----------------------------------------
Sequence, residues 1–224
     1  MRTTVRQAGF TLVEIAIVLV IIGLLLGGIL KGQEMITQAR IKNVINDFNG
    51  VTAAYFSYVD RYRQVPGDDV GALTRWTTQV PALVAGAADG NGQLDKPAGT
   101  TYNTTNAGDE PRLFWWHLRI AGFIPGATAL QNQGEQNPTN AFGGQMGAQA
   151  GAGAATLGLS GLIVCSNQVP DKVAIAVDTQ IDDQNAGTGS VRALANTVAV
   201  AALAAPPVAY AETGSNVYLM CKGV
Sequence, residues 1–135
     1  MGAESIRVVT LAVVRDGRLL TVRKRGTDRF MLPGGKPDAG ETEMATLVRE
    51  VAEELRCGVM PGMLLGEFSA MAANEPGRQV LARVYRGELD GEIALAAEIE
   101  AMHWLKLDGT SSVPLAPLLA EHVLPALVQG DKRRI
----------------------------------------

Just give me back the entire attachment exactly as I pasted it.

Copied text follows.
Sequence, residues 1–224
     1  MRTTVRQAGF TLVEIAIVLV IIGLLLGGIL KGQEMITQAR IKNVINDFNG
    51  VTAAYFSYVD RYRQVPGDDV GALTRWTTQV PALVAGAADG NGQLDKPAGT
   101  TYNTTNAGDE PRLFWWHLRI AGFIPGATAL QNQGEQNPTN AFGGQMGAQA
   151  GAGAATLGLS GLIVCSNQVP DKVAIAVDTQ IDDQNAGTGS VRALANTVAV
   201  AALAAPPVAY AETGSNVYLM CKGV
Sequence, residues 1–135
     1  MGAESIRVVT LAVVRDGRLL TVRKRGTDRF MLPGGKPDAG ETEMATLVRE
    51  VAEELRCGVM PGMLLGEFSA MAANEPGRQV LARVYRGELD GEIALAAEIE
   101  AMHWLKLDGT SSVPLAPLLA EHVLPALVQG DKRRI